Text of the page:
Frost remembers that day too, mostly because it ended badly. The day before, he had cut short a practice session with Thompson due to an allergic reaction to dust in the studio; he took a Benadryl, a Zyrtec and a shower, and fell asleep. When he arrived for the audition, he let instinct take over.
“I closed my eyes, got into myself a little bit more, and when the music started, I did the thing,” he said. “My body felt like it had done it before. That feeling – this is deeper than music, this is deeper than acting itself, this is deeper than the show. This is a kind of energy and a kind of magic that comes over you.”
Wheeldon considered Frost a godsend, but also a gamble. “There was so much raw gifting — more gifting than I may have ever seen in a human in a first audition,” Wheeldon said. But also: “In addition, all our fears came: what if he doesn’t do the work? What if he can’t do the job?”
The production offered Frost the role. He accepted.
“It’s one of those things where it feels like the stars are kind of aligned,” Frost said, “and you get that call and it’s in the palm of your hands to either take and hug or drop.” , and I decided to take it and embrace it.”
‘MJ’ is of course not just any jukebox musical. It is about one of the greatest pop artists in American history, but whose legacy has been tarnished by allegations that he sexually abused children. The show, with a book by two-time Pulitzer-winning playwright Lynn Nottage, is set in 1992, before the allegations became public, and does not address the issue, which has drawn criticism from leading theater critics. But so far, the show’s box office has been healthy — “MJ” has been among the highest-grossing productions on Broadway in recent weeks. It received 10 Tony nominations, including one for Best Musical, and the producers, including Michael Jackson Estate, are planning to add a North American tour next year.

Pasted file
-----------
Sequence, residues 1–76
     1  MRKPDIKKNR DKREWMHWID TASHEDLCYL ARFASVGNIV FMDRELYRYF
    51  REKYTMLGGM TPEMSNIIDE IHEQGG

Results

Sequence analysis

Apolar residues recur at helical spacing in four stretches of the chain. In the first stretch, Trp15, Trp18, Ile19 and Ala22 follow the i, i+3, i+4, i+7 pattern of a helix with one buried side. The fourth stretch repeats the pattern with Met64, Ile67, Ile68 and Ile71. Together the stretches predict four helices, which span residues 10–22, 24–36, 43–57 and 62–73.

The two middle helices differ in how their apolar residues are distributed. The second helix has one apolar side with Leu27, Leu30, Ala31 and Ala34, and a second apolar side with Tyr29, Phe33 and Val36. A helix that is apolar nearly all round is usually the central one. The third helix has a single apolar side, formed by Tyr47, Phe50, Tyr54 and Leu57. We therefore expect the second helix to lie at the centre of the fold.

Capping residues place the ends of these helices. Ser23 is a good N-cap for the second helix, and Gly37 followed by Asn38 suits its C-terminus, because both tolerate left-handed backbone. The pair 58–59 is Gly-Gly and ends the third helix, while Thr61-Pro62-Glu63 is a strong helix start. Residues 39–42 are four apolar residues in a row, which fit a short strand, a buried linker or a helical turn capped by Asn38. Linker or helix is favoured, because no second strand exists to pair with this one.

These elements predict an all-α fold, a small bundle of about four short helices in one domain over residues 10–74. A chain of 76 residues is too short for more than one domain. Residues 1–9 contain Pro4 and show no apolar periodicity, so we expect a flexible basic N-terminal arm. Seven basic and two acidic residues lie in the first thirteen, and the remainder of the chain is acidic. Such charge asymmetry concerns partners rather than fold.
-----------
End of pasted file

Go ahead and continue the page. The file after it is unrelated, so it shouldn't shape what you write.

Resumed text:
Frost was patient with questions about the allegations during a few conversations on the show, but also chose his words carefully — taking a deep breath before replying, often pausing between thoughts — and making it clear that he would not be lured or harassed into voicing. a position on whether Jackson was an abuser.
“I believe that everyone is entitled to their truth and to what they believe,” he said. “I don’t judge.”